Through Gateways-funding University researchers developed the project from a local to a national study, and supported Portsdown U3A’s successful award of a Heritage Lottery grant to develop their research on Portsmouth. Researchers from the University and U3A advised the National Museum of the Royal Navy on the creation and development of an electronic map of Britain that displayed the towns and cities most affected by the loss of men at Jutland. This map helped uncover the streets, neighbourhoods and communities which were hardest hit, and made available to the public the data that researchers had collated. It also allowed the general public to upload their relative’s stories, photographs and documents to the website, thereby providing further insights into the lives of those sailors who were lost.
The project investigated the impact of the Battle of Jutland on British society through identifying and mapping the communities of sailors who lost their lives in the conflict. It has been assumed that most naval sailors were enlisted from seafaring communities since the navy recruited sailors directly from their base ports rather than establish recruiting centres in the UK’s major cities (as was the tradition in the Royal Marines). The project tested this theory by mapping sailors killed at Jutland to assess whether certain communities suffered disproportionally. Therefore, although we charted the national picture, we also examined how different localities connected with the consequences of the battle itself; making the project a mosaic of local histories, rather than an overarching national narrative.
Once regions most affected were identified, we turned to the local press to see how communities responded to the heavy loss of life. Investigating reaction to loss of local men provided a better understanding of urban elites’ response to tragic war-time events, potential accord/discord between local and national patriotism, and popular morale on the home front during the First World War. Project outputs included the compilation of a database which is the most comprehensive record of those men who died as a result of the Battle, and includes vital personal information on the name, ship, rank, service number, date and place of birth. It also includes the name and address of their next of kin. This is freely available to the public on the Port Towns and Urban Cultures website. We have also published an article on reactions in the national and local press, and commemoration of the Battle in the years immediately after the War, in the National Museum of the Royal Navy’s exhibition catalogue, 36 Hours: Jutland 1916. The Battle that Won the War.  A pop-up exhibition on our findings is available for loan to interested groups. An academic article with detailed statistical findings and analysis will follow shortly.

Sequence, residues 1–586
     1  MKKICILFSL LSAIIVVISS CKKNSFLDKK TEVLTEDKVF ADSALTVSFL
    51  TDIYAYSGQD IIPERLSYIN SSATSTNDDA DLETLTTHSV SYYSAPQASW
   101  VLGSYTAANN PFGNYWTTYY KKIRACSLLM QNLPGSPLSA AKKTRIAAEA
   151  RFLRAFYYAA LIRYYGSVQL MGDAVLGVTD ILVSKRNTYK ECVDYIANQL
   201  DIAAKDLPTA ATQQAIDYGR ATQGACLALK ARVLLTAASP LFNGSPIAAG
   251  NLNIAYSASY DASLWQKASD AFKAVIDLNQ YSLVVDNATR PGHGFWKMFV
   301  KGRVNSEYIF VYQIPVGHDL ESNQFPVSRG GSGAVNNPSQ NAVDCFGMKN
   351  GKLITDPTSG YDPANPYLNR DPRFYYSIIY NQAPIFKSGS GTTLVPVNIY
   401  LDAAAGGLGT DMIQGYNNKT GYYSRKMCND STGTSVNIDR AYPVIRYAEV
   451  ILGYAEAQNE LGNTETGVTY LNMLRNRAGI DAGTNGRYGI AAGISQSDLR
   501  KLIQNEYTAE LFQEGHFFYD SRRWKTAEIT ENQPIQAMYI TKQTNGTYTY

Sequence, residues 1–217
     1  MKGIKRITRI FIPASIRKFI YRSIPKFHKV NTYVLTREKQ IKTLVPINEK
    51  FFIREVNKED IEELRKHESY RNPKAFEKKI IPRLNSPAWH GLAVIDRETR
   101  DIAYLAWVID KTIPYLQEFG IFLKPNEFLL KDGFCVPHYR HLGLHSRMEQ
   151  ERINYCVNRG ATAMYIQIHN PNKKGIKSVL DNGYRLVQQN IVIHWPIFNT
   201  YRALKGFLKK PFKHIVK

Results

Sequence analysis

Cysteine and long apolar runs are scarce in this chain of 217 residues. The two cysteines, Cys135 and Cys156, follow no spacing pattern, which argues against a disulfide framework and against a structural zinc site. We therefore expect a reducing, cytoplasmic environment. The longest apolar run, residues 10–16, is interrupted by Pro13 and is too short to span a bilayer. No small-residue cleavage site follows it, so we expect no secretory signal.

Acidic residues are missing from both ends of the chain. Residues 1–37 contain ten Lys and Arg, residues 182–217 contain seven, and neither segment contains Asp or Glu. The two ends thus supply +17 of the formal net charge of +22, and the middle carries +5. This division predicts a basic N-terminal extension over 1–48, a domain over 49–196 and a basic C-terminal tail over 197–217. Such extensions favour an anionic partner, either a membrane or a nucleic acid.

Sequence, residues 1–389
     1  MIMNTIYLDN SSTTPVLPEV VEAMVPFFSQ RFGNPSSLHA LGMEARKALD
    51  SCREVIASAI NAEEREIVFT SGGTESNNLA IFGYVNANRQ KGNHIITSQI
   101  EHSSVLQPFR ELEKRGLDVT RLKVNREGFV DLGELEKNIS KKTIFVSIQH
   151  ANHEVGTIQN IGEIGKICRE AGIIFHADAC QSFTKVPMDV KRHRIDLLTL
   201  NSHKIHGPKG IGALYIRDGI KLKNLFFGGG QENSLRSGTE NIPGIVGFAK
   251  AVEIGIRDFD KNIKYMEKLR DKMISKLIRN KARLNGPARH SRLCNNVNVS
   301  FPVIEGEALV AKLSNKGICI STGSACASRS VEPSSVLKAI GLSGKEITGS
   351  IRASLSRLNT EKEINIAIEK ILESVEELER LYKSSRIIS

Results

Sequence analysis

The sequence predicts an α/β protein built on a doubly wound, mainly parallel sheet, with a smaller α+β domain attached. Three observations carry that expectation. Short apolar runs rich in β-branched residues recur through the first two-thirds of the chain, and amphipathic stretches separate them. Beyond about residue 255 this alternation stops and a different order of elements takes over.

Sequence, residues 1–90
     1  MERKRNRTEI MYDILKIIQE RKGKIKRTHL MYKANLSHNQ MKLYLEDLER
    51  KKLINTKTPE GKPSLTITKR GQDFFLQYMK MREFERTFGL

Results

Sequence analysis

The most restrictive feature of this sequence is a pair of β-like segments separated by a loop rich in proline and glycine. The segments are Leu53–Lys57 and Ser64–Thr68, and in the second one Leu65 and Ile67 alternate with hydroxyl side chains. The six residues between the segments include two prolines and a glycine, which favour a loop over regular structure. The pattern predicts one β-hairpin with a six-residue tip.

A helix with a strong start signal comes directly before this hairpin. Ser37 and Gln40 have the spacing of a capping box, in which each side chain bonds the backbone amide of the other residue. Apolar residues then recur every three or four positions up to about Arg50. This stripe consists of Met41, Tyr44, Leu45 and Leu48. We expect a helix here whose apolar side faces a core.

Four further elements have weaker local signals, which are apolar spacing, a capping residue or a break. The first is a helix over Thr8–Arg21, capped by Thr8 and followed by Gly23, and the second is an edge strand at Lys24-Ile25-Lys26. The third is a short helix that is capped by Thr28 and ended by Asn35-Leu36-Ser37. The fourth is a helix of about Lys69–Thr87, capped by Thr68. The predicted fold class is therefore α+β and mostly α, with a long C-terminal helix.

Collaborating with project partners can sometimes be difficult. Interpretation of research, different output agendas, and the differing resources and time commitments to a project comprising academics, volunteers from the public, and heritage institutions can create confusion and, in the worst cases, a breakdown of relations. These pitfalls were avoided by ensuring that we communicated regularly, and were flexible and accommodating with our partners. We consulted and involved partners in public presentations, pop-up exhibitions and public workshops and events. The U3A’s expertise in local genealogy and military databases complemented academic aims of contextualising local histories using key themes that shaped the First World War such as patriotism, civic culture and commemoration. We were pleased to be able to showcase the tremendous work of the U3A, especially the Portsdown branch. It is creditable that their ideas influenced academics and national museums, and that they co-operated in providing the public with a clearer picture of an often overlooked aspect of the First World War.
Brad Beaven is Professor of Social and Cultural History at the University of Portsmouth and the project lead for Port Towns and Urban Cultures (http://porttowns.port.ac.uk/). He is also a project partner for the AHRC’s Gateways to the First World War public engagement centre. Dr Melanie Bassett is Research Assistant for Port Towns and Urban Cultures and part-time Lecturer in History at the University of Portsmouth.
 Gateways to the First World War is a centre for public engagement with the First World War centenary, funded by the Arts and Humanities Research Council (AHRC). The aim of the Gateways team is to encourage and support public interest in the centenary of the First World War through a range of events and activities such as open days and study days, advice on access to materials and expertise, and signposting for other resources and forms of support. Professor Beaven is a Co-Investigator for the Centre. http://www.gatewaysfww.org.uk/
 With thanks to NMRN’s Casey Keppel-Compton, Nick Hewitt and Matthew Sheldon.
 You can access the map by visiting http://jutland.org.uk.